Orphan Works: Definitional Issues

Berkeley Digital Library Copyright Project White Paper No. 1

13 Pages Posted: 19 Dec 2011 Last revised: 21 Jul 2017

Date Written: December 19, 2011

Abstract

This paper outlines responses to two definitional questions that arise in the context of orphan works: (1) exactly what is the “orphan works” problem?, and (2) what is the size of this problem? The answers to these two questions are central to understanding how proposed solutions work to remedy the situation. While the most common descriptions of the orphan works problem focus on unlocatable copyright owners, others have framed the issue in terms of a broader problem of market failure. This paper explores both formulations of the problem. Similarly, the size of the orphan works problem can be viewed from many angles. Rough approximations of the size of the problem for certain types of works (e.g., published monographs) are available, but comprehensive data on the number and value of orphan works do not currently exist for a wide variety of works and the uses to which those works might be put. This paper suggests areas in which further research on these issues is needed.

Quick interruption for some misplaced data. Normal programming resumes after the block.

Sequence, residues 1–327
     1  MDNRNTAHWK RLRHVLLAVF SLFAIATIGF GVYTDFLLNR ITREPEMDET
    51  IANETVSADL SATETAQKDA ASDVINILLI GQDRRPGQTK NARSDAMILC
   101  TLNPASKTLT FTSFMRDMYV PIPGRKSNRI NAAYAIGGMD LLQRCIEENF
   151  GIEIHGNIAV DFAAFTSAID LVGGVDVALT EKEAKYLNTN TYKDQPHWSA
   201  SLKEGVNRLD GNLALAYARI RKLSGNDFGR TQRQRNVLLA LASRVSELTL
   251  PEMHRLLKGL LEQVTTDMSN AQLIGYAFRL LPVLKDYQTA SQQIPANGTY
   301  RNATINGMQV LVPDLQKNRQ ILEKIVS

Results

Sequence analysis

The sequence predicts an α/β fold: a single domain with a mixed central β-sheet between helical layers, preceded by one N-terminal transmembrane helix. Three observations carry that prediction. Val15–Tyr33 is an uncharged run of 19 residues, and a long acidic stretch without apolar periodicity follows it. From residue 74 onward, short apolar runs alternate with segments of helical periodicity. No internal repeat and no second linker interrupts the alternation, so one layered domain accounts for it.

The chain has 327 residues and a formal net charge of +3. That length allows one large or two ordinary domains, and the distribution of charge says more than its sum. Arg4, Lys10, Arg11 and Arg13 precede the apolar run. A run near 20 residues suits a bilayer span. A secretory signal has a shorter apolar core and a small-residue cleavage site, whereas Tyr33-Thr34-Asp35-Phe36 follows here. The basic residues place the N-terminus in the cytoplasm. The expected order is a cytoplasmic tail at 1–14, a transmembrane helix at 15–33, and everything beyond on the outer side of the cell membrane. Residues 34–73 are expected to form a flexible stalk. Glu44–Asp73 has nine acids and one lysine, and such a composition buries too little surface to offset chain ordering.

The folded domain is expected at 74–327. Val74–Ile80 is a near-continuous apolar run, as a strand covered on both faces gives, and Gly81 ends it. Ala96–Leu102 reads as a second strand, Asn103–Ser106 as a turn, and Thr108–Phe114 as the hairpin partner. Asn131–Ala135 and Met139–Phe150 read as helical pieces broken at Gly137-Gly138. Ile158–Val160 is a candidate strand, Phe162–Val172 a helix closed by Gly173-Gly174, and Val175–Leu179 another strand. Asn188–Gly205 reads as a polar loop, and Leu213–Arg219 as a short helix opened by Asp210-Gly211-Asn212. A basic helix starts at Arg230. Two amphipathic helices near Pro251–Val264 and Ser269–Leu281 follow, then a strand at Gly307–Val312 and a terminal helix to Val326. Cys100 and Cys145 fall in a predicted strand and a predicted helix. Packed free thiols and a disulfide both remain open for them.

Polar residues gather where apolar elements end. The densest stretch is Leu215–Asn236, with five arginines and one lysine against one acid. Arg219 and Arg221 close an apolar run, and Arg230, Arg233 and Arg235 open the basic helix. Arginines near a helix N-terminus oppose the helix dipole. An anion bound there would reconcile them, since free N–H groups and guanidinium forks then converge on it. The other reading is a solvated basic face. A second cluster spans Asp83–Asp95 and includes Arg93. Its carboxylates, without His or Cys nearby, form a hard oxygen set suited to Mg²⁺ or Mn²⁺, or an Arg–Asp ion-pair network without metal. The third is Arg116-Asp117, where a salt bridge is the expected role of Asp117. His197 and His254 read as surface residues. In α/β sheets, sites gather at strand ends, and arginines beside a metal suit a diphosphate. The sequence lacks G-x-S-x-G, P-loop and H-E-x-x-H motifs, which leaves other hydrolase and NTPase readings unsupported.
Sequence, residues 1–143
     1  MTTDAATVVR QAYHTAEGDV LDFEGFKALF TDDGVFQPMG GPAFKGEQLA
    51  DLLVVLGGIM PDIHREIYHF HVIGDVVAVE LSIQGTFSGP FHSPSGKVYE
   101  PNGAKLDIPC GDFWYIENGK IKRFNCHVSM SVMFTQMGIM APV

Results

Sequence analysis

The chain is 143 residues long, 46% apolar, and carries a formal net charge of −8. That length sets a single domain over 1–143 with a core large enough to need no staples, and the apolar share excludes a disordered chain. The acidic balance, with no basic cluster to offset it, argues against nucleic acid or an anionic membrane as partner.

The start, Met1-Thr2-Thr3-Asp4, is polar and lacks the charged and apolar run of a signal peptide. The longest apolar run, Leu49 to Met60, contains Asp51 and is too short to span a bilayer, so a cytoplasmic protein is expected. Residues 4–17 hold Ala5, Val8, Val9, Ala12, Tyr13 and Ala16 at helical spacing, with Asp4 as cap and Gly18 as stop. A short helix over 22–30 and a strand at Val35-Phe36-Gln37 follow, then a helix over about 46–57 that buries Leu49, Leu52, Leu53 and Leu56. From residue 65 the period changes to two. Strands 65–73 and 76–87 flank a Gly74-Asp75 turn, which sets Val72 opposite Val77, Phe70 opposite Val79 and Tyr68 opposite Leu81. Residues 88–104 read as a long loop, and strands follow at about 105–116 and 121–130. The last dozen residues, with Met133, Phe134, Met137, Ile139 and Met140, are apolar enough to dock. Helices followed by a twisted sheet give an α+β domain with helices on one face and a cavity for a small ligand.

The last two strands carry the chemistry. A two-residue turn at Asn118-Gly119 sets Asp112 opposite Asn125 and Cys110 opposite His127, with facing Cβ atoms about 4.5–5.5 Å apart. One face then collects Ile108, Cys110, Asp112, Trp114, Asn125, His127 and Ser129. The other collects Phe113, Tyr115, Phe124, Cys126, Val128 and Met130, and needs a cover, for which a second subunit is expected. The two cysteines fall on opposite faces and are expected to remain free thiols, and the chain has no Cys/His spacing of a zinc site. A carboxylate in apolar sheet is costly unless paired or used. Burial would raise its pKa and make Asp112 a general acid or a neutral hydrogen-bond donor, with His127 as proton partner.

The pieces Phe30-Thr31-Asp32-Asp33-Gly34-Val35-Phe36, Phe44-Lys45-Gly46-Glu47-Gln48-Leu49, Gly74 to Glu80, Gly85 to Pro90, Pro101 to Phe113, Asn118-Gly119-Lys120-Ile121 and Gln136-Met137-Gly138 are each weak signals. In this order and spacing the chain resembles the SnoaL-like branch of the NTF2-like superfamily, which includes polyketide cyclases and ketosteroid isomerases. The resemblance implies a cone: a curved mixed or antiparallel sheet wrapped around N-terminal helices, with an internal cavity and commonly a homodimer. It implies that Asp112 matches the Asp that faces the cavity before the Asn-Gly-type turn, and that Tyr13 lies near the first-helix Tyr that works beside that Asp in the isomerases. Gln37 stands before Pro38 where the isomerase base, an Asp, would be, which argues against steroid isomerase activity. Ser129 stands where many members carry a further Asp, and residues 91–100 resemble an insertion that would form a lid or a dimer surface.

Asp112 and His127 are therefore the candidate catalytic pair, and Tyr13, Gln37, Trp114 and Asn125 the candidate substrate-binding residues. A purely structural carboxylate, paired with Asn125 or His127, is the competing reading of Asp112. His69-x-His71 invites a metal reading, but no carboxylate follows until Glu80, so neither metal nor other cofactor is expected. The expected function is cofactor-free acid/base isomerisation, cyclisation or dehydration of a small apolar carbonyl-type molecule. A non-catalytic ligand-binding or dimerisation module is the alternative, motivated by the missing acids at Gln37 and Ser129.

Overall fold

About this Paper: This white paper is the first in a series from the Berkeley Digital Library Copyright Project, an effort organized by Berkeley Law professors Pamela Samuelson, Jason Schultz, and Jennifer Urban. The project aims to investigate copyright obstacles facing libraries and other like-minded organizations in their efforts to realize the full potential of making works available digitally. More information can be found on the project’s website.

Keywords: Copyright, Orphan Works, Digital Libraries

Suggested Citation

Hansen, David R., Orphan Works: Definitional Issues (December 19, 2011). Berkeley Digital Library Copyright Project White Paper No. 1, Available at SSRN: https://ssrn.com/abstract=1974614 or http://dx.doi.org/10.2139/ssrn.1974614

David R. Hansen (Contact Author)

Authors Alliance ( email )

2705 Webster St. #5805
Berkeley, CA 94705
United States

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